Reality Check of Homelessness U.S.A. by - A. John Doe Homeless

Freedom is.........
...either EXERCISE your FREEDOMS, or they will be EXORCISED!!!

My Photo
Location: Santa Rosa, California, United States

I AM AN ACTIVIST... not by title or declaration, but by my activities for over 30 years, I fit that definition in its entirety, completely, and exactly! Having been regulated out of a 35 year old business, left me with NOTHING TO LOSE, A LOT OF TIME ON MY HANDS, AND A PISSED OFF ATTITUDE - The least I can do is be a thorn in the political bear’s side (or a loose cannon on a runaway train)!? - CALL ME KARMA WITH VENGEANCE! There is a difference between doing something ABOUT the homeless and FOR the homeless. The current economic trends did not JUST happen. . . but is JUST THE BEGINNING!!? Solutions can only be found by understanding the causes.

14 April, 2006

Homelessness is NOT Illegal!!?!

The U.S. 9th
District Court
Court Rules!!! **************************
What were the local governing agencies expecting to accomplish by punishing and persecuting the unfortunate folks who are merely attempting to survive by living within their means?! That is to reference the inappropriately created ordinances by cities and counties throughout the country making it a crime for camping in public as termed by Sonoma County amongst others. However it is worded, it merely skirts around the formerly abolished vagrancy laws and literally violates Civil Liberties as I have advocated since these laws began to be put into place.
In April, 2006 the U.S. 9th District Appeals Court ruled that "making it a crime to be homeless by charging them with a crime is in violation of the 8th Amendment." The previous link provides the complete transcript. Excerpts of that transcript in the following:

L.A., Cal., Mun. Code ss 41.18(d) (2005).
A violation of section 41.18(d) is punishable by
a fine of up to $1000 and/or imprisonment of up
to six months.
Id. ss 11.00(m).
The City could not expressly criminalize the status of homelessness by making it a crime to be homeless without violating the Eighth Amendment, nor can it criminalize acts that are an integral aspect of that status. Because there is substantial and undisputed evidence that the number of homeless persons in Los Angeles far exceeds the number of available shelter beds at all times, including on the nights of their arrest or citation, Los Angeles has encroached upon Appellants' Eighth Amendment protections by criminalizing the unavoidable act of sitting, lying or sleeping at night while being involuntarily homeless.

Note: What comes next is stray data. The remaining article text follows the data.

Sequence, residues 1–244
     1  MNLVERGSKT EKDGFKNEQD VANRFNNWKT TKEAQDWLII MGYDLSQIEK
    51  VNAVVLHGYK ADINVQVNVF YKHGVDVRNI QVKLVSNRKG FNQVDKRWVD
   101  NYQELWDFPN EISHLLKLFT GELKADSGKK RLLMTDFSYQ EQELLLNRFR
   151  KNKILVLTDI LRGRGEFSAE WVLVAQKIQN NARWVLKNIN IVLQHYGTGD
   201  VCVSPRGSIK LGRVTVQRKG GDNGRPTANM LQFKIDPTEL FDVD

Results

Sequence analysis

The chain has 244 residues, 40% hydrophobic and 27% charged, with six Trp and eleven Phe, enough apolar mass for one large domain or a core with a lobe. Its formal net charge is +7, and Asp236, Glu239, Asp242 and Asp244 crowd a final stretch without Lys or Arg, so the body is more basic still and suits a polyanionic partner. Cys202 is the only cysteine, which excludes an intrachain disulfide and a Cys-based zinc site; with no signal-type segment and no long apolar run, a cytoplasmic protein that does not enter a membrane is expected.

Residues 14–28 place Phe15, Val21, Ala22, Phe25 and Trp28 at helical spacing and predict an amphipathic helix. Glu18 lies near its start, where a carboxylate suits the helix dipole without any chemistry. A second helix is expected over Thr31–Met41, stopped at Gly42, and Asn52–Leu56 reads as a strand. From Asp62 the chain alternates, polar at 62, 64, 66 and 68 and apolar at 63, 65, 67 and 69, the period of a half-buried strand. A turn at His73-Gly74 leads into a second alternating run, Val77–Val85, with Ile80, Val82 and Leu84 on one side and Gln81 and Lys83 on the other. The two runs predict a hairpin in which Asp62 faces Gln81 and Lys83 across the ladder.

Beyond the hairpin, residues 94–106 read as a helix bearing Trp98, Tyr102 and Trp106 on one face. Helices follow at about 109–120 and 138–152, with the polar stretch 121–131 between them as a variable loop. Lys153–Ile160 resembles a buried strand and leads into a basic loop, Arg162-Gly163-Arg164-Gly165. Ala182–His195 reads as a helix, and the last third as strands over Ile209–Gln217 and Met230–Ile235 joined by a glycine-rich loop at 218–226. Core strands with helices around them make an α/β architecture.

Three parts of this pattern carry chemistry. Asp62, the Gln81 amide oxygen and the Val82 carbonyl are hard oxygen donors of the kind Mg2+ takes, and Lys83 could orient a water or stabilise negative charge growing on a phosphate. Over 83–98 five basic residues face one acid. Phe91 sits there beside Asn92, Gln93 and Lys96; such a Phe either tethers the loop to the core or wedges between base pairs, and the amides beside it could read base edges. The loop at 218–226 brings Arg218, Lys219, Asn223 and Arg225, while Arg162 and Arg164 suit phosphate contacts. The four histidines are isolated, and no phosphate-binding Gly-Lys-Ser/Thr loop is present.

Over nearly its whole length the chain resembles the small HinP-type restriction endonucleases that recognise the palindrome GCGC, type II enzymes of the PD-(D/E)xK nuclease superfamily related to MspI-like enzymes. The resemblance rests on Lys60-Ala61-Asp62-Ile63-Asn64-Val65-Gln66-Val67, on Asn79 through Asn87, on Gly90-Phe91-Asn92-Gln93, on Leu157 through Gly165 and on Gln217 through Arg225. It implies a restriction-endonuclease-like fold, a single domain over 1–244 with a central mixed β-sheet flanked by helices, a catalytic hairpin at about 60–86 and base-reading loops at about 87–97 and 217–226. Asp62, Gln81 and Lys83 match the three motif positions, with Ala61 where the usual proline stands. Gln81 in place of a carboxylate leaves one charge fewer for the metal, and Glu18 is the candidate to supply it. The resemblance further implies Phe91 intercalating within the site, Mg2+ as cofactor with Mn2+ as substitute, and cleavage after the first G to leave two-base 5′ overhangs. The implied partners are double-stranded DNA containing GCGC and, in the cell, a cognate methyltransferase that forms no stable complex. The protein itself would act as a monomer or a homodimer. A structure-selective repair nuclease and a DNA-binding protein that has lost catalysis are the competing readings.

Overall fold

Jones argues that LAMC ss 41.18(d) makes criminal what biology and circumstance make necessary, that is, sitting, lying, and sleeping on the streets. He maintains that the gap between the number of homeless persons in Los Angeles, and the number of available shelter beds, leaves thousands without shelter every night. Jones claims that some 42,000 people are homeless each night in the City of Los Angeles, with approximately 11,000 living in the Skid Row area. The number of homeless persons exceeds the number of available shelter beds. Of the 11,000 on Skid Row, approximately 7,000 sleep in a single room occupancy facility and 2,000 stay in emergency shelter facilities.

[14]We do not suggest that Los Angeles adopt any particular social policy, plan, or law to care for the homeless. See Johnson v. City of Dallas, 860 F. Supp. 344, 350-51 (N.D. Tex.1994), rev'd on standing grounds, 61 F.3d 442 (5th Cir. 1995). We do not desire to encroach on the legislative and executive functions reserved to the City Council and the Mayor of Los Angeles. There is obviously a "homeless problem" in the City of Los Angeles, which the City is free to address in any way that it sees fit, consistent with the constitutional principles we have articulated.
(See id.)

id. at 568 n.31
(Fortas, J., dissenting); the Eighth Amendment
prohibits the City from punishing involuntary sitting,
lying, or sleeping on public sidewalks that is an
unavoidable consequence of being human and homeless